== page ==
Now that both the Shoup Settlement and the Hunt parcel acquisition have secured 1.0 miles of right of way for trail development, ARTinC is focusing on developing this stretch. The Board of Directors is being enlarged to better manage increased activity. A Membership Drive is gearing up to raise funds to support construction activities, and demonstrate to foundation, corporate, and agency funders that ARTinC enjoys broad-based community support.
Now that 1.0 miles of land is under ARTinC’s control, applications are being prepared to gain whatever federal, state and local agency permits may be required to allow development of the trail. Since the trail is directly along the Allegheny River, considerable research, study and applications may be needed to protect the water supply provided by the river, as well as flora and fauna possibly impacted by construction activities. At the same time, efforts are underway to try to obtain as many additional agreements with remaining landowners as may be feasible, once issues concerning title history and ownership have been fully researched and resolved. It is hoped that remaining landowners will follow the language and example set by the Shoup Agreement.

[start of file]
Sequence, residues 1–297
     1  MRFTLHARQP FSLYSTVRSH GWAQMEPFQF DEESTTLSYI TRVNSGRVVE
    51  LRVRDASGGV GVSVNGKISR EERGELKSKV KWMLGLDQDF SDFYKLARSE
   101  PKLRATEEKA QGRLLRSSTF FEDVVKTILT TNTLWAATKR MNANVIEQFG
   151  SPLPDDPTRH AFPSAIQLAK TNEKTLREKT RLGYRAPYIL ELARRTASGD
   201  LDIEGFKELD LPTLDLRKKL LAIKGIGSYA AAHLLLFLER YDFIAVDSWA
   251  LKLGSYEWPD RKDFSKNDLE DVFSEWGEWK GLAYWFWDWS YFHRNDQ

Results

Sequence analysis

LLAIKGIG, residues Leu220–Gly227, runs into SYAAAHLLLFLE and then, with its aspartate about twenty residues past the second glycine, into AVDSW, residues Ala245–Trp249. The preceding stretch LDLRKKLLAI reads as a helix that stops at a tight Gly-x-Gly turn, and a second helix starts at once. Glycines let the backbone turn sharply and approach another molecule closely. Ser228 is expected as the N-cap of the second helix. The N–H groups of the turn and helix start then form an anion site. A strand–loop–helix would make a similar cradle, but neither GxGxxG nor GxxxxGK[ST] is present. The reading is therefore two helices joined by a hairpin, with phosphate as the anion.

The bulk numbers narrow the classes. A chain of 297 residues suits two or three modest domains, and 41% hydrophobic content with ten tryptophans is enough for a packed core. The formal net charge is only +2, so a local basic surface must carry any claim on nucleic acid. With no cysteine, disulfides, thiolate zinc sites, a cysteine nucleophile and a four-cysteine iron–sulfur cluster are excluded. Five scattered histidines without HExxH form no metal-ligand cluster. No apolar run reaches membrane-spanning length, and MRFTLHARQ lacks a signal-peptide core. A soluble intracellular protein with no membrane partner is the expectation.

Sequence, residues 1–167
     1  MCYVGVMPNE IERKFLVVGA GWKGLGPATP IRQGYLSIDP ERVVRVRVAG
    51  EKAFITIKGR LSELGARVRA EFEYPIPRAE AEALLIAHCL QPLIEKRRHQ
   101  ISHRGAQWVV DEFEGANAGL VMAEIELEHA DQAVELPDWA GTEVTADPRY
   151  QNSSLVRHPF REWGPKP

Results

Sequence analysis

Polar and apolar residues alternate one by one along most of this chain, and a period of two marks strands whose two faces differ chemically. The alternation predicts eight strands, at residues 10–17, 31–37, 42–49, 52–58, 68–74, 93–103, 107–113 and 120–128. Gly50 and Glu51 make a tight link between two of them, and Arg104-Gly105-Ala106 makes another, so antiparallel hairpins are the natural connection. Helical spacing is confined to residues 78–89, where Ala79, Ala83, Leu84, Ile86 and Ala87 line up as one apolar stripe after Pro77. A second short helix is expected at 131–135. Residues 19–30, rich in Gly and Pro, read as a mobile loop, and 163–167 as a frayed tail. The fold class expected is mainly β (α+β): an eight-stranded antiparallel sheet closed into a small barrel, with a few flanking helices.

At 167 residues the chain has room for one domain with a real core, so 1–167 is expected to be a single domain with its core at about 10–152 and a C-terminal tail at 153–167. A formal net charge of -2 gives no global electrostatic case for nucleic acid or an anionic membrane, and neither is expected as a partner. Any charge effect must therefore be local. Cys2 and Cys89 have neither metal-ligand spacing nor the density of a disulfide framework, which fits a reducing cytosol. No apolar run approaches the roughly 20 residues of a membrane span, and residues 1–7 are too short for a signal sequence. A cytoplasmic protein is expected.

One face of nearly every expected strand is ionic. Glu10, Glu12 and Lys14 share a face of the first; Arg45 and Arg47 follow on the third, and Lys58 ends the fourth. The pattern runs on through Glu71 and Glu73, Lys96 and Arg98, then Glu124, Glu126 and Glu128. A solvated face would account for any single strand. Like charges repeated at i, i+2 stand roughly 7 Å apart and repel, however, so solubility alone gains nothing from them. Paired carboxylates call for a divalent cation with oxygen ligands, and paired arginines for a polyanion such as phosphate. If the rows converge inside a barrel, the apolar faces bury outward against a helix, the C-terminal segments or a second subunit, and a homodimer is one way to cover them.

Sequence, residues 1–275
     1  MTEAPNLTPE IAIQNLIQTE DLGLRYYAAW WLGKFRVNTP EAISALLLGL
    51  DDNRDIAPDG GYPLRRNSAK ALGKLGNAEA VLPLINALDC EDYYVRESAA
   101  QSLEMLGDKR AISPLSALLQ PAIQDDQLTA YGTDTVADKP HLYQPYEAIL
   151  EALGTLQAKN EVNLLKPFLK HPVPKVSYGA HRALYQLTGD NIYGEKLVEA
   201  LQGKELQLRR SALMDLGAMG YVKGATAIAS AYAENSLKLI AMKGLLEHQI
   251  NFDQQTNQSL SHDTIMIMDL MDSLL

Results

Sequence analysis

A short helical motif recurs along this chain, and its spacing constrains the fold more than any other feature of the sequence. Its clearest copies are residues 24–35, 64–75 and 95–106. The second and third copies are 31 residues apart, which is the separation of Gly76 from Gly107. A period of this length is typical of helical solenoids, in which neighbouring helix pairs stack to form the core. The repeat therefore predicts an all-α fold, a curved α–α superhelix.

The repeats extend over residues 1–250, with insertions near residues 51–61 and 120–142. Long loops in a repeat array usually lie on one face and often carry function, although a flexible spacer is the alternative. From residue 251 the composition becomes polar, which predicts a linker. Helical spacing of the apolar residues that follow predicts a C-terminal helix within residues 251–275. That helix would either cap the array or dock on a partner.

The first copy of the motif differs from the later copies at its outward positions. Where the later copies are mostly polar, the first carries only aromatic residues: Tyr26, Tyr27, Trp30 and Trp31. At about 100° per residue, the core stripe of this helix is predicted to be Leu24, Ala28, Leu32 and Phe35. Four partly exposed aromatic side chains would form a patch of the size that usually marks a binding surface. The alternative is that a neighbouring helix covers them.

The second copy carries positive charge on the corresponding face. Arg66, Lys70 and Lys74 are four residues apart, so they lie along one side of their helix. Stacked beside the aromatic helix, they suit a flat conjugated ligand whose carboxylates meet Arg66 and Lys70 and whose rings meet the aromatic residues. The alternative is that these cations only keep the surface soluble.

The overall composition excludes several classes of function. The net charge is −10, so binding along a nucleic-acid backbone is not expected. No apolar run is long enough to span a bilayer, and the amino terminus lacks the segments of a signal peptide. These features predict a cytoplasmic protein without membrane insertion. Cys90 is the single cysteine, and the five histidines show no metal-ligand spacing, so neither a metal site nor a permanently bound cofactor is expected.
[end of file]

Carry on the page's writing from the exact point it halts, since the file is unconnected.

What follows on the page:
An overview of what remains to be done can be found in an extract from the Pennsylvania Environmental Council (PEC) Report on the Erie to Pittsburgh Trail.